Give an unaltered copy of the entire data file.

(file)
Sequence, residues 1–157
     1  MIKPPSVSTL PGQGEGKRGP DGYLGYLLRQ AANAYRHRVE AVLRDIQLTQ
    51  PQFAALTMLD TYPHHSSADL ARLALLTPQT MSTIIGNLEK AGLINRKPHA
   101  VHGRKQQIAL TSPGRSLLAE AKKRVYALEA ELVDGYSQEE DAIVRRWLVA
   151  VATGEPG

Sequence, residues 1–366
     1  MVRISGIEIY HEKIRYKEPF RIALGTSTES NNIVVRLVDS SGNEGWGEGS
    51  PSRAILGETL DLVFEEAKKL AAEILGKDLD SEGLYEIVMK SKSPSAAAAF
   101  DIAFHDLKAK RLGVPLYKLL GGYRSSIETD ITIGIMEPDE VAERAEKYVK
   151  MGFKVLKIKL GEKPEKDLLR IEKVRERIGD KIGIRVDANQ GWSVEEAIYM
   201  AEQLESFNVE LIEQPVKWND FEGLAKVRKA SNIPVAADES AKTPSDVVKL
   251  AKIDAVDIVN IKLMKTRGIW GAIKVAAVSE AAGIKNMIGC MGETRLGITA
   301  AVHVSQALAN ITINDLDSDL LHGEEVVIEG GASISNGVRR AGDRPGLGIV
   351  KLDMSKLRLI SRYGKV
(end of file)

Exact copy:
Sequence, residues 1–157
     1  MIKPPSVSTL PGQGEGKRGP DGYLGYLLRQ AANAYRHRVE AVLRDIQLTQ
    51  PQFAALTMLD TYPHHSSADL ARLALLTPQT MSTIIGNLEK AGLINRKPHA
   101  VHGRKQQIAL TSPGRSLLAE AKKRVYALEA ELVDGYSQEE DAIVRRWLVA
   151  VATGEPG

Sequence, residues 1–366
     1  MVRISGIEIY HEKIRYKEPF RIALGTSTES NNIVVRLVDS SGNEGWGEGS
    51  PSRAILGETL DLVFEEAKKL AAEILGKDLD SEGLYEIVMK SKSPSAAAAF
   101  DIAFHDLKAK RLGVPLYKLL GGYRSSIETD ITIGIMEPDE VAERAEKYVK
   151  MGFKVLKIKL GEKPEKDLLR IEKVRERIGD KIGIRVDANQ GWSVEEAIYM
   201  AEQLESFNVE LIEQPVKWND FEGLAKVRKA SNIPVAADES AKTPSDVVKL
   251  AKIDAVDIVN IKLMKTRGIW GAIKVAAVSE AAGIKNMIGC MGETRLGITA
   301  AVHVSQALAN ITINDLDSDL LHGEEVVIEG GASISNGVRR AGDRPGLGIV
   351  KLDMSKLRLI SRYGKV